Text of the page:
Jessie Daniels, PhD, is an author and professor at Hunter College in New York City.
Recognized as a national expert on white racism, she was featured in Elizabeth Thompson’s award-winning documentary (Nashville Film Festival, 2000) "BLINK," about a supposedly reformed white supremacist. Dr. Daniels is a frequent contributor to the blog Racism Review.
She is the author of two books, White Lies (Routledge, 1997) and Cyber Racism (Rowman & Littlefield, 2009).
Shortly after the horrific hate crime and execution that took place at Washington, DC's United States Holocaust Memorial Museum, Crusader's Corner interviewed Dr. Daniels for the June 19, 2009, article How We Can Conquer Hate: An In-depth Analysis.
Because of the length of that article, I had to leave out a lot of good comments from the people that I interviewed. Here is the entire e-mail interview between Crusader's Corner and Dr. Daniels.
Crusader: After 9/11, many Muslims and people from the Middle East fell under the law enforcement radar in the United States. Many who had absolutely no connection to terrorism were interrogated and/or arrested. Here we have an elderly Caucasian convicted felon (von Brunn) who has clearly been espousing hate for decades, yet no one was keeping an eye on him on the day of the Holocaust Museum incident. Your thoughts?
Dr. Daniels: Clearly, who is - and who is not - regarded as a "terrorist" or a "threat" to national security was greatly influenced by the events of 9/11. And the fact that 19 hijackers were from the Middle East (most were from Saudi Arabia, by the way) gave people in the U.S. a strong association. But, it is quite simply wrong to equate "Middle Eastern with "terrorist.
What most people tend to forget is that prior to 9/11/2001, the largest incident of domestic terrorism was the bombing of the federal building in Oklahoma City by Timothy McVeigh - a Caucasian, and like von Brunn, a white supremacist.
It's unfortunate that law enforcement has been distracted by the false equation of "Middle Eastern" with terrorist, but we have to remember that this shift in focus was led by the federal government under Bush with his creation of the Department of Homeland Security (DHS).
The Bush DHS had an explicitly "Other" (read: Middle Eastern) focus when it came to addressing terrorism.
I'm hopeful that this is changing under President Obama as indicated by the release of the DHS report from Napolitano recently, which urged a renewed focus on "domestic terrorism." I certainly think that von Brunn qualifies as a "domestic terrorist."
Crusader: Had you known about von Brunn prior to the museum incident? If so, does it surprise you that no one in Law Enforcementland was watching him?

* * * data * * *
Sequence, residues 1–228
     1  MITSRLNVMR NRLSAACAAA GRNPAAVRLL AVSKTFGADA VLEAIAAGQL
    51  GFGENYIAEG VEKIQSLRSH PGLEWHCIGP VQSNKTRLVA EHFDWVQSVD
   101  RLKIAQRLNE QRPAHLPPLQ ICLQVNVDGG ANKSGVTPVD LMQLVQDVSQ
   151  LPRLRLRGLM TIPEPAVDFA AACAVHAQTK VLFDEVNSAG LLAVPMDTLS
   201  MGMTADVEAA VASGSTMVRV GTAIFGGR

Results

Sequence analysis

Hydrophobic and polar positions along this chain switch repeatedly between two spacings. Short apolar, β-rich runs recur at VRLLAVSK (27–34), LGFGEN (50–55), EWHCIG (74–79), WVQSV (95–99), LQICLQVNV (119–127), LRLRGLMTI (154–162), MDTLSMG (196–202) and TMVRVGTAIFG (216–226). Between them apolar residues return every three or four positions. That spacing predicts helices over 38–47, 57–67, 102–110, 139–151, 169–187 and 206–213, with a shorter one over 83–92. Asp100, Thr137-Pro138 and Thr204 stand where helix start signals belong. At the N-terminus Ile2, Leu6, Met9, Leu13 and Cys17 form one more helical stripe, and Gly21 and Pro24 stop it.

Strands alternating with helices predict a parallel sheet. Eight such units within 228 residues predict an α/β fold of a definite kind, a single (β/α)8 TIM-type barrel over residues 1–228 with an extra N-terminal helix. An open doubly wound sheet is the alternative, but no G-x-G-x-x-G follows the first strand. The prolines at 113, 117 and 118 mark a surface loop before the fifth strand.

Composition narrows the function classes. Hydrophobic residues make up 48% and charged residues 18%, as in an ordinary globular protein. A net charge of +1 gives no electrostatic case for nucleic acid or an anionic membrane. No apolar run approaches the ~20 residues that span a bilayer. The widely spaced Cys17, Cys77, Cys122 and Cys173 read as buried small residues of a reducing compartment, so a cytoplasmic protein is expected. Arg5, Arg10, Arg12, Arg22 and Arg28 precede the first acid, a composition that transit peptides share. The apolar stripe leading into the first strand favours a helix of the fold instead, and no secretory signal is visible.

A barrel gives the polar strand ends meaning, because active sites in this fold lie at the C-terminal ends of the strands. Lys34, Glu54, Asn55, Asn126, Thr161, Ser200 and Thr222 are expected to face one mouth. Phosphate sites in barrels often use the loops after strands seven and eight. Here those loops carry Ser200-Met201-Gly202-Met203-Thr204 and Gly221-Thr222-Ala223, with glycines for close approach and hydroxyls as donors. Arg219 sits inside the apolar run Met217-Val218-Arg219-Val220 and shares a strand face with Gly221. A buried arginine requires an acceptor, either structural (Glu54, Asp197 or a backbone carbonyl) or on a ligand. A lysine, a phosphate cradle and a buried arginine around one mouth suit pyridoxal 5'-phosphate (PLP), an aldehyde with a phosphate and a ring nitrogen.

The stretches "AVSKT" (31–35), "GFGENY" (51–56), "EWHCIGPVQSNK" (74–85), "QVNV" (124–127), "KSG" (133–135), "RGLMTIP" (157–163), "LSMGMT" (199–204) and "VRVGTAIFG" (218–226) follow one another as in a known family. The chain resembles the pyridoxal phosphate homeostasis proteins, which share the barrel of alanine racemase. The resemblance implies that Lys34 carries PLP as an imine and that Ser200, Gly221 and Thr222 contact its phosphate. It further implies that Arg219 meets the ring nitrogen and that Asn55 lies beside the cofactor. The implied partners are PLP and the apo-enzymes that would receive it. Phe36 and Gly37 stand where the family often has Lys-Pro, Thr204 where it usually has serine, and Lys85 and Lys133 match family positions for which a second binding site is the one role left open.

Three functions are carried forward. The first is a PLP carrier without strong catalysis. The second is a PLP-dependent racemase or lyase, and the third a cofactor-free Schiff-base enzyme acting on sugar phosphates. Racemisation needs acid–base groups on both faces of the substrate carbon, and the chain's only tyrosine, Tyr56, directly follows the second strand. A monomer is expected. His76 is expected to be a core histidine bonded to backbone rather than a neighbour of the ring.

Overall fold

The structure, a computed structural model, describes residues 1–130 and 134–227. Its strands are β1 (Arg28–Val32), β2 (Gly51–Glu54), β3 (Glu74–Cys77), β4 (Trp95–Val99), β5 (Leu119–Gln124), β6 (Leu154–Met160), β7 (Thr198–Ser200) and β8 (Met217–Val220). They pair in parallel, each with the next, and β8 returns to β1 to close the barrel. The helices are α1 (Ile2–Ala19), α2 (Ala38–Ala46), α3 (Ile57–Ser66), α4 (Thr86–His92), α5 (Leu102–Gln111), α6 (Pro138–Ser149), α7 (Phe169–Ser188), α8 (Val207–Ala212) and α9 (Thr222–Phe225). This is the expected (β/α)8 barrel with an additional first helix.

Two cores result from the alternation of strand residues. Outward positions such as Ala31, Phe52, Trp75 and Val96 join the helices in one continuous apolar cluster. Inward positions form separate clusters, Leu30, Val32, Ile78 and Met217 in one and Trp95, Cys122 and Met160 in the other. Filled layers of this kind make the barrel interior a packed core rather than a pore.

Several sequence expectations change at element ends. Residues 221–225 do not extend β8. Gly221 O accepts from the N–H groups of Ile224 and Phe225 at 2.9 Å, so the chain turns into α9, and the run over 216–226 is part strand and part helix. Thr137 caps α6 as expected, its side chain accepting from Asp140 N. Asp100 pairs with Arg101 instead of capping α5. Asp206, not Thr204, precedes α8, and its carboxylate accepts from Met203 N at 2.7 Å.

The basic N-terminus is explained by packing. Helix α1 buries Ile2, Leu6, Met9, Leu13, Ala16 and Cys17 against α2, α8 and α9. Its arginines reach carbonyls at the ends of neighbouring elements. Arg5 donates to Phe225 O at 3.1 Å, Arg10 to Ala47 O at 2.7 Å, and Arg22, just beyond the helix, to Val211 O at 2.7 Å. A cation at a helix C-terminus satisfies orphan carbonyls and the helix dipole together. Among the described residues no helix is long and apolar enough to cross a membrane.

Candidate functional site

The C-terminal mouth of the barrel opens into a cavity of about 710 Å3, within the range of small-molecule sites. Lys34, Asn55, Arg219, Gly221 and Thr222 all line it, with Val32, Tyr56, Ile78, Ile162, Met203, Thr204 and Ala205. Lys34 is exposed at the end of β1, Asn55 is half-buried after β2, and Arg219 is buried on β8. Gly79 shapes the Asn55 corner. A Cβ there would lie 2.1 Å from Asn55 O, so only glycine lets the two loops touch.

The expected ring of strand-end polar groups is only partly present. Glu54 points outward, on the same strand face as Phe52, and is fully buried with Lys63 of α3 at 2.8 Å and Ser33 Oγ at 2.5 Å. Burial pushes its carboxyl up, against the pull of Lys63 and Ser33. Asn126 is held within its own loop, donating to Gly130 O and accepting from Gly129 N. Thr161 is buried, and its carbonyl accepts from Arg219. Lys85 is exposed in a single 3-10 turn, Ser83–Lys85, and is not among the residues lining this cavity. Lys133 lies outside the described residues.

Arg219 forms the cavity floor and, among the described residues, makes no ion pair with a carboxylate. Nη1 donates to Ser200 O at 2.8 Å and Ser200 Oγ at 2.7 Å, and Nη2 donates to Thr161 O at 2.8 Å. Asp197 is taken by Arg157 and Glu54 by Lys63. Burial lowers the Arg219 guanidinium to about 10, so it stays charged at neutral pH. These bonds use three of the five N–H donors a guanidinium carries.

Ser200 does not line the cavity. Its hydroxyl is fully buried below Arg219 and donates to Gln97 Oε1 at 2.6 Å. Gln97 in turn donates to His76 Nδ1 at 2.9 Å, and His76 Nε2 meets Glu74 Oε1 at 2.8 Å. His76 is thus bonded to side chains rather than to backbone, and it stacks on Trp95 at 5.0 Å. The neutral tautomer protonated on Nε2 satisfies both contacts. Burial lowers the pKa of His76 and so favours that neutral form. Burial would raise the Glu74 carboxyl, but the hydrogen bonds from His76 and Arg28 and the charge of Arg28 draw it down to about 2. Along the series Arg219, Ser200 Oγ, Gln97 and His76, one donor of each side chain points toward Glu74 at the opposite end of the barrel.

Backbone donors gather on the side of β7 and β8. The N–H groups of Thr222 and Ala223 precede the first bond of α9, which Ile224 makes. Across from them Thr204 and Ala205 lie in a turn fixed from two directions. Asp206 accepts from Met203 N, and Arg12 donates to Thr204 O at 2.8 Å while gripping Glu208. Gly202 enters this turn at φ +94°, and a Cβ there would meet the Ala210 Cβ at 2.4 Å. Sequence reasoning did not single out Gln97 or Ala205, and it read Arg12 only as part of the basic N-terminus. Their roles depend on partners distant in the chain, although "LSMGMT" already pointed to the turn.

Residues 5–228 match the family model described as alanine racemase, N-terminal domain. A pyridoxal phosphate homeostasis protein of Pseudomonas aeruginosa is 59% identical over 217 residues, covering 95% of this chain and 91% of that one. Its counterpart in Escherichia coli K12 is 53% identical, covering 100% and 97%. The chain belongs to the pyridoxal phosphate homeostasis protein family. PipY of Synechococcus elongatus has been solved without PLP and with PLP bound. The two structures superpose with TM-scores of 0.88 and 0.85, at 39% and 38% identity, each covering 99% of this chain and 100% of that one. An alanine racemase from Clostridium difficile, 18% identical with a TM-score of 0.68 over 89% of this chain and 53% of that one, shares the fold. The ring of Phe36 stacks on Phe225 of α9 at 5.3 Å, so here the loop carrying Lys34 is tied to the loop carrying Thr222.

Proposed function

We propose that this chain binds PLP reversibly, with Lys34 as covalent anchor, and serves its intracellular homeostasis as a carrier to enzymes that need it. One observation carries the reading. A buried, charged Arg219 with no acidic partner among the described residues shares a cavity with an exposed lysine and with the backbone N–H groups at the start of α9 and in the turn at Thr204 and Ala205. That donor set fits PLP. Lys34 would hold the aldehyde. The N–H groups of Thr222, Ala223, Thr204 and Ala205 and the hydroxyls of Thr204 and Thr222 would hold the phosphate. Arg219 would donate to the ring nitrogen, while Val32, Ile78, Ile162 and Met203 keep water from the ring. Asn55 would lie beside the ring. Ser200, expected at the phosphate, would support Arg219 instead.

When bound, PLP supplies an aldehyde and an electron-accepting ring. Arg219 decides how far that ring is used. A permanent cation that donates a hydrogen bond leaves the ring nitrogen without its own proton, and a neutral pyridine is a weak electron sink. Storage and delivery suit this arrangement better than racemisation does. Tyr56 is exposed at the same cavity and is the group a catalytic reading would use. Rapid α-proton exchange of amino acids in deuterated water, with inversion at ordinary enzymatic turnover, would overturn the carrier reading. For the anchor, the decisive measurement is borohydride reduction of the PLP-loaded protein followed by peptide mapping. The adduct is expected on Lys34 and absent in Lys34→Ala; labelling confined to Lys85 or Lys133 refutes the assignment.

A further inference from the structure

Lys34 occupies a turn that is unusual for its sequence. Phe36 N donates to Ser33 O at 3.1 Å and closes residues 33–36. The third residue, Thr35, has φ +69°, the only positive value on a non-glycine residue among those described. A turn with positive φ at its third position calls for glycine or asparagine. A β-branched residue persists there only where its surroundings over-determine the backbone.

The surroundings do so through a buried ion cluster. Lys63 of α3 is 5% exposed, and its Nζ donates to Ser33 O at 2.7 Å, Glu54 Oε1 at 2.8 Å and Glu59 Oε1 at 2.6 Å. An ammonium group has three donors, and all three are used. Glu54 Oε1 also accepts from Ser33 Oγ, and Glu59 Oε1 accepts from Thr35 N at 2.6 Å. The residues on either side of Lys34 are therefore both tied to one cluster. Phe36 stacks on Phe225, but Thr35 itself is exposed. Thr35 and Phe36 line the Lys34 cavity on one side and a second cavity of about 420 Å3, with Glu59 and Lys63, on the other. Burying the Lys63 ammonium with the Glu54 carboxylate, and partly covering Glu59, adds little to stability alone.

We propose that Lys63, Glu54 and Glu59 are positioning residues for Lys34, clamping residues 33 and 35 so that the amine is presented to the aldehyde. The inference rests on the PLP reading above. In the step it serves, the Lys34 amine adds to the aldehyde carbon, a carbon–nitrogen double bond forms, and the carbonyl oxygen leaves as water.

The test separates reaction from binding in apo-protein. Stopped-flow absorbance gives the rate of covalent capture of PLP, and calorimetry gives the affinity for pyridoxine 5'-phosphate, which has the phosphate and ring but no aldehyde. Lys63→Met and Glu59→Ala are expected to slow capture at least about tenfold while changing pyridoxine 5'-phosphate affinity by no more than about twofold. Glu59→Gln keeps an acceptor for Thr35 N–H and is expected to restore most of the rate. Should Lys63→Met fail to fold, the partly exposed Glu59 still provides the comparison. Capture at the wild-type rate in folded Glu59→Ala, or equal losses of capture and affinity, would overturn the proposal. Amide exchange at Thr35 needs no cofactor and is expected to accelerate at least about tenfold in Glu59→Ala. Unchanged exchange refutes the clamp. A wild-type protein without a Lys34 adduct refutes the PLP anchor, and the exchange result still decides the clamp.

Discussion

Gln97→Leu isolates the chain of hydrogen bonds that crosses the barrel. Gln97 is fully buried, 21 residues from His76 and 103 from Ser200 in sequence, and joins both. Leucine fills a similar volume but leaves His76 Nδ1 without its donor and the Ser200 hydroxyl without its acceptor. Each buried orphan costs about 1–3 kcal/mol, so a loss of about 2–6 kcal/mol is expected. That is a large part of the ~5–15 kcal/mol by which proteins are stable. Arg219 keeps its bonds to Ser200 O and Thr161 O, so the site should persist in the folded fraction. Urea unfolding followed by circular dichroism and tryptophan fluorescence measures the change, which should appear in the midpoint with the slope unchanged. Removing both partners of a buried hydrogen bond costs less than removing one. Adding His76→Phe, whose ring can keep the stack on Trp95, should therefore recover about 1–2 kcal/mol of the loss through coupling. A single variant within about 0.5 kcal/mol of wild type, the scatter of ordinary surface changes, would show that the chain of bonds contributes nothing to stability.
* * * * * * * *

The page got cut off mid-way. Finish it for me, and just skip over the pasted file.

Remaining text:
To your second question here, no, I'm not at all surprised to learn that Law Enforcement wasn't watching von Brunn. As the FBI spokesperson said at one of the press conferences recently, they interpreted his website (and by extension all hate speech online) as 'protected speech' under the First Amendment so they took no action to monitor him or his website.
Crusader: According to Time, on the day before the museum incident, Rev. Jeremiah Wright is quoted as saying, "Them Jews ain't going to let him [Obama] talk to me. I told my baby daughter that he'll talk to me in five years when he's a lame duck, or in eight years when he's out of office . . . They will not let him to talk to somebody who calls a spade what it is. . . . I said from the beginning: He's a politician; I'm a pastor. He's got to do what politicians do."
Dr. Daniels: A number of people in the news, primarily at FoxNews, have made a great deal out of Rev. Wright's statements. I abhor anti-Semitism in any form and think it should be condemned, even when it comes from a member of the black community. That said, I think it's wrong to equate Rev. Wright's statements with the actions of von Brunn, which is what a lot of people are doing when they bring this up in this context.
There are many ways that 'hate speech' is implicated in the death of the guard, Mr. Johns, at the Holocaust Museum -- von Brunn's hate speech, the hate speech of right-wing pundits like Rush Limbaugh and Bill O'Reilly that give space to such violence -- and this hate speech is almost exclusively generated and distributed by white people.
Raising the issue of Rev. Wright's statements is a red herring to deflect from the Caucasian problem that connects von Brunn, McVeigh, Limbaugh and O'Reilly.
Crusader: Should websites (and pages from social networking sites) espousing racism, anti-Semitism, and other hate be banned or barred in any way shape or form, or is it better to know thy enemy?
Dr. Daniels: In my view, any website that espouses racism, anti-Semitism or other hate should be removed (either by law enforcement or by the ISP) and the publisher of that hate speech should be held accountable.